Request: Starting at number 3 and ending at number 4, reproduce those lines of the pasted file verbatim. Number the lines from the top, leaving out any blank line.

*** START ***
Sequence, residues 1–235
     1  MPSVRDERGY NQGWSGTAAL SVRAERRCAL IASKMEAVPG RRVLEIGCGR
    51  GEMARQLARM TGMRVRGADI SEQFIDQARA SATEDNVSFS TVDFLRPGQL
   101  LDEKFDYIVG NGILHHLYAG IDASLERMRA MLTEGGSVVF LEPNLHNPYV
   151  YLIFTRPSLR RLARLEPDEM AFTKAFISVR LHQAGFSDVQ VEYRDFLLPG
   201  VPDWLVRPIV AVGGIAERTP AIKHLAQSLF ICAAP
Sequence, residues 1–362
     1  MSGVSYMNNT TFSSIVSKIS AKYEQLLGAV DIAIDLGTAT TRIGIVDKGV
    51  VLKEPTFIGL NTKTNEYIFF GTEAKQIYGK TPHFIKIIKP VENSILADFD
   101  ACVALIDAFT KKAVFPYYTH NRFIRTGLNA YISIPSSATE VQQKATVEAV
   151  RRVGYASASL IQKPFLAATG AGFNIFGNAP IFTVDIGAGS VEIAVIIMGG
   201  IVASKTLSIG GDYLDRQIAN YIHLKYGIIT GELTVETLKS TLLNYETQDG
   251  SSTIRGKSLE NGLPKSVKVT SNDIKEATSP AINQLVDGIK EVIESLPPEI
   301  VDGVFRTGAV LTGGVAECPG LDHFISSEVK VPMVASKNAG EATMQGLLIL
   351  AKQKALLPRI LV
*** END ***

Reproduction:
    51  GEMARQLARM TGMRVRGADI SEQFIDQARA SATEDNVSFS TVDFLRPGQL
   101  LDEKFDYIVG NGILHHLYAG IDASLERMRA MLTEGGSVVF LEPNLHNPYV